For those of you who don’t want to read a post about my health stats, which are based on the results of my first blood test since becoming a vegan, I totally understand. Check back in tomorrow for a pre-Thanksgiving baking extravaganza. But as I sit here sipping my delicious cup of cocoa loco chai from my new favorite mug while reading my results, I’m too excited not to share this.
I would venture to guess that many people associate a veggie lifestyle with a “healthier diet” (if I may call it a “diet”). A few months into my vegan journey, I was definitely feeling better. I increased my intake of fruits, veggies, and legumes. I didn’t have as many cravings for sugar throughout the day and didn’t get as tired in the afternoons (although cutting back on caffeine defintaly helped with that problem). But even though I felt better physically, I wanted to see if my new vegan routine gave me real physiological benefits. Although I had good cholesterol numbers and was in the low risk for heart disease prior to my vegan journey, I wanted to know, will my overall test results improve?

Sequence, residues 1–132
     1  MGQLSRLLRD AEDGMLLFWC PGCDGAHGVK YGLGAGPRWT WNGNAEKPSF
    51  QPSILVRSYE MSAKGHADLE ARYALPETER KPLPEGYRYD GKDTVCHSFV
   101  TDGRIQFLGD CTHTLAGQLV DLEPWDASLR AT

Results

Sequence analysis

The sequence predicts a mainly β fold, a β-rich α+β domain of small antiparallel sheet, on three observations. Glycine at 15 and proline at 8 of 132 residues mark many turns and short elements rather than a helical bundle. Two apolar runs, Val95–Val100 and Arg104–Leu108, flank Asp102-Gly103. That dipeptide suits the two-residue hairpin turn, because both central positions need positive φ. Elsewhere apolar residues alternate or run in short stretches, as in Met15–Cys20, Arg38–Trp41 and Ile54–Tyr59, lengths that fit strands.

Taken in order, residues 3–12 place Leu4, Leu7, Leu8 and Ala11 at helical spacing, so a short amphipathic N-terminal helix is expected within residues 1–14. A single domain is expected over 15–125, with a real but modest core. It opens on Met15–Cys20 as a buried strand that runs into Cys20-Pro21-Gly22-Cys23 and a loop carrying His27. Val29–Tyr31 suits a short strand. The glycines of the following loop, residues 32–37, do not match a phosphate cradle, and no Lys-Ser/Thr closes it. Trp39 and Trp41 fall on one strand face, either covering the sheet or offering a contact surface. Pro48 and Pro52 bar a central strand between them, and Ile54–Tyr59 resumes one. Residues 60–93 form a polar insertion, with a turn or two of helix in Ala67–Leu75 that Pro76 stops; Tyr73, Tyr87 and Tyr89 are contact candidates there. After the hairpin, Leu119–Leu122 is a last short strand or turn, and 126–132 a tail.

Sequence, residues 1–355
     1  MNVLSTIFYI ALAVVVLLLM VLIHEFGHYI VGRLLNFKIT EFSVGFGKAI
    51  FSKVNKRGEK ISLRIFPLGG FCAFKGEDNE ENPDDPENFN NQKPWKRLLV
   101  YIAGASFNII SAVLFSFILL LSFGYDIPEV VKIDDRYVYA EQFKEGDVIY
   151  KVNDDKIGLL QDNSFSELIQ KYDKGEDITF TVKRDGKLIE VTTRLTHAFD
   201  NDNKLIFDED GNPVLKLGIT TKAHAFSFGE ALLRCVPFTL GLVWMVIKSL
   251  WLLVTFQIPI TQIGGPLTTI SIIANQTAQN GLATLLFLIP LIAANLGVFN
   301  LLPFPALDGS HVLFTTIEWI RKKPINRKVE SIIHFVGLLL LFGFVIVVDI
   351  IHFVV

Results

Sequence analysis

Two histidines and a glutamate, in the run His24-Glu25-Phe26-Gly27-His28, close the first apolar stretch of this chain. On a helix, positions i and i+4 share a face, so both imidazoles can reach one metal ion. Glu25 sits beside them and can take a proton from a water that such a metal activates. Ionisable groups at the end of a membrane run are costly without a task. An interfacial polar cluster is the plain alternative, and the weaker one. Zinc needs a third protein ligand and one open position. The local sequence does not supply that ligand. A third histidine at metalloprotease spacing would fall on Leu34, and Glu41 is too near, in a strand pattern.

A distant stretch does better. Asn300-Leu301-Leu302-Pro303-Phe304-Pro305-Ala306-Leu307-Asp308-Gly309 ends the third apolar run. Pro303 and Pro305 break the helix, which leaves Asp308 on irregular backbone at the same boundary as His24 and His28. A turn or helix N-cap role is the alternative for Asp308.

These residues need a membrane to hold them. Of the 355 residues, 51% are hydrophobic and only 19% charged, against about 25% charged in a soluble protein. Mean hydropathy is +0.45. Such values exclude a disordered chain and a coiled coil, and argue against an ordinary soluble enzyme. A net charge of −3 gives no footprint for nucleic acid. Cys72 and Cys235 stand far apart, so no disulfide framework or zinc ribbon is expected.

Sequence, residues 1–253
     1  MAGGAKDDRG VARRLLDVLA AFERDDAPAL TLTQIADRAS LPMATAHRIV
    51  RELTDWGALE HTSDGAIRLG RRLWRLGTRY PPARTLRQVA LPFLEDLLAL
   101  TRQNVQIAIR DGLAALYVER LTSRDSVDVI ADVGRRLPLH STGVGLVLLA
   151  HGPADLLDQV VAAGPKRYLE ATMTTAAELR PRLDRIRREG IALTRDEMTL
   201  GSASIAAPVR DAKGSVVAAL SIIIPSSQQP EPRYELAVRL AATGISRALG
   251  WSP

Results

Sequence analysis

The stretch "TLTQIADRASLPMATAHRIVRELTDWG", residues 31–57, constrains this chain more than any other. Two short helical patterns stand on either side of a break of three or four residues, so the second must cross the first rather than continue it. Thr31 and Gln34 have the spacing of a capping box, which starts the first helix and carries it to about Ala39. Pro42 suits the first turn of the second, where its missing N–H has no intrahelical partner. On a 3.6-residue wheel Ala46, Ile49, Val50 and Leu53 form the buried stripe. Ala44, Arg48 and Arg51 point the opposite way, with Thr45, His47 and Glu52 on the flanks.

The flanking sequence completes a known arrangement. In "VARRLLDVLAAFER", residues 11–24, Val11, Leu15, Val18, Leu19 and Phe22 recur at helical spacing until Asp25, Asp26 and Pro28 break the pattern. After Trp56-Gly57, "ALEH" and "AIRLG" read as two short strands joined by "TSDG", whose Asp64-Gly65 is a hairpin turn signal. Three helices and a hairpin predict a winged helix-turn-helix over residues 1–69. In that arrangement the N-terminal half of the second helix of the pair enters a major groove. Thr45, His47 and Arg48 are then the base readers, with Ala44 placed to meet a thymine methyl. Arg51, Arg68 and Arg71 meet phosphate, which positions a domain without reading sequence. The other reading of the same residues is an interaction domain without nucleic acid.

I also wanted to make sure I had adequate levels of important vitamins and minerals. Did I have enough calcium, iron, vitamin B12 and vitamin D? Because I haven’t had a blood test since I became a vegan (one year anniversary coming soon!), I asked my doc for a blood test. And not just any blood test, but THE WORKS; a complete analysis of how my diet is impacting my health.
After comparing my results from result two years ago, my current stats are BETTER. And much better in some cases. To name a few:
- cholesterol went down by 29 points
- blood sugar went down
- sodium stayed the same (lower end of range)
- calcium went up
- protein went up
- vitamin B12 in normal range (first time testing for it)
- vitamin D in normal (first time testing for it)
Looking over my results reminded of a great article I came across a week ago. It showcased a recent study ,which showed that although we may carry some “bad” genes which can cause certain “bad” hereditary diseases, we don’t have to just live with it. It’s not all gloom and doom. Among other things, the study showed that people who ate more raw fruits and vegetables reduced their risk of heart disease, even if they carried copies of the gene that increased their risk. So basically, although you can’t change the gene, you can change the mechanism that turns it on and off. That’s incedible if you ask me!